Bean salads are a great choice for summer picnics, and most recipes can easily be adapted to accommodate any vegans in the crowd. This week the Recipes for Health columnist Martha Rose Shulman turns to summer bean salads:

As the weather heats up and our hunger for comforting stews gives way to a desire for lighter fare, beans can still be the backbone of a meal, but I’m more inclined to make them the focus of a main dish salad than a simmering ragout. I love the way they soak up tart salad dressings and the way their velvety textures play against the crunch of other salad ingredients, like fresh green beans, celery or fennel.

Here are five new ways to prepare bean salads.

Black-Eyed Pea Salad With Fennel and Dill: A great dish that can be made with or without tomatoes.

Red Bean and Green Bean Salad –

Red Bean and Green Bean Salad

The first time I made this, I used some delicious small red beans that my housekeeper, Ana, brought from El Salvador. I also tested it with canned beans; of course I liked the Salvadoran red beans better, but not having them shouldn’t deter you from making this substantial salad.

1 cup small red beans or red kidney beans, washed, picked over and soaked for 6 hours or overnight

1/2 onion

3 garlic cloves, 2 of them unpeeled and crushed, 1 of them minced or puréed

1 bay leaf

Salt to taste

3/4 pound green beans, stem ends trimmed

1 tablespoon chopped fresh tarragon

2 tablespoons chopped flat-leaf parsley

1 tablespoon chopped chives

1 teaspoon fresh thyme leaves

1 tablespoon fresh lemon juice

2 tablespoons red wine vinegar or sherry vinegar

2 teaspoons Dijon mustard

3 tablespoons extra virgin olive oil

3 tablespoons plain low-fat yogurt or broth from the beans

Freshly ground pepper

Optional: 1 to 2 ounces crumbled feta

1. Drain the beans, rinse and place in a heavy saucepan with the onion, the crushed whole cloves of garlic, the bay leaf and enough water to cover by 2 inches. Bring to a boil, reduce the heat and simmer for 30 minutes. Add salt to taste and continue to simmer for an hour to an hour and a half more, until the beans are tender but intact. Turn off the heat and allow to sit for 30 minutes. Remove and discard the onion, garlic cloves and bay leaf. Place a strainer over a bowl and drain the beans. Transfer the beans to a salad bowl.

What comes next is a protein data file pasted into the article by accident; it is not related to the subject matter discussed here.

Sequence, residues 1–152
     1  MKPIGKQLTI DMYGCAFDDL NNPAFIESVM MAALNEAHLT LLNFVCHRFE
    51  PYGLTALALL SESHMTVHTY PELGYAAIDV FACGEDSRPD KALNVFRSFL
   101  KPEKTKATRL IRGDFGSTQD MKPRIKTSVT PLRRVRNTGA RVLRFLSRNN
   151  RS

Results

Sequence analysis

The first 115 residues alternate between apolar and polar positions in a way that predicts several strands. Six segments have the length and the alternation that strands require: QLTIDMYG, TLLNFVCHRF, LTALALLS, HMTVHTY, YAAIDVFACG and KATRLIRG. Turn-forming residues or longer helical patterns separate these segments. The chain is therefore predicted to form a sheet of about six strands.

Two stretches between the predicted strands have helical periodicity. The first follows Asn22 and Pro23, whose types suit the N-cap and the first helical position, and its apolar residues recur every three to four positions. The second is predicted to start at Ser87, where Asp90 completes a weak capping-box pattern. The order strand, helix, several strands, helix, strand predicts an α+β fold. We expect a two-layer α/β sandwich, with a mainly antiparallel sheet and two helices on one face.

Note: You can substitute canned beans, but make sure to rinse them and to season them well. You will need 2 1/3 cups beans.

2. While the beans are simmering, blanch the green beans in salted boiling water for 3 to 4 minutes, or steam them. They should be tender but still have some snap to them. Cut into 2- or 3-inch pieces.

3. Toss together the red beans and the herbs. In a small bowl or measuring cup, whisk together the lemon juice, vinegar, mustard, olive oil and 3 tablespoons broth from the beans (or yogurt, if you used canned beans). If you have time, allow the mixture to marinate, in or out of the refrigerator, for 30 minutes before adding the green beans and serving. Add the green beans and toss again just before serving.

Yield: 4 generous servings

Advance preparation: This will keep for 2 or 3 days in the refrigerator, but the green beans will lose their bright color.

Nutritional information per serving: 267 calories; 11 grams fat; 2 grams saturated fat; 1 gram polyunsaturated fat; 7 grams monounsaturated fat; 1 milligram cholesterol; 33 grams carbohydrates; 13 grams dietary fiber; 70 milligrams sodium (does not include salt to taste); 13 grams protein

Martha Rose Shulman is the author of “The Very Best of Recipes for Health.”



Summer Salad

our amazing and talented friends juan and farra helped with the food for lou’s birthday party (god i love them!). and when i was in panic mode and couldn’t come up with an idea for a salad to serve with tacos they suggested a watermelon, watercress, pepita and cotija salad with a lime cilantro vinaigrette. genius, right? i left out the cotija to keep it dairy free but it’s amazing with or without. light, refreshing, healthy, full of flavor and so easy to throw together! what else could you want from a summer salad? hope you love as much as i do. more after the jump! xx- sarah


1 bunch watercress

2 cups cubed watermelon

1/4 cup pepitas (pumpkin seeds)

1/8 cup grapeseed oil

2 tablespoons lime juice

1/4 teaspoon sea salt

2 tablespoons finely chopped cilantro

1 teaspoon maple syrup

1/2 lime


– if possible make the dressing in advance by combining the grapeseed oil, lime juice, sea salt, cilantro, and maple syrup. i added one extra solid pinch of salt at the end too, but taste and season to your preference!

– rinse and dry the watercress, combine in a large serving bowl with the watermelon and toss with the dressing.

– in a skillet toast the pepitas over medium heat with the juice of 1/2 lime and a solid pinch of salt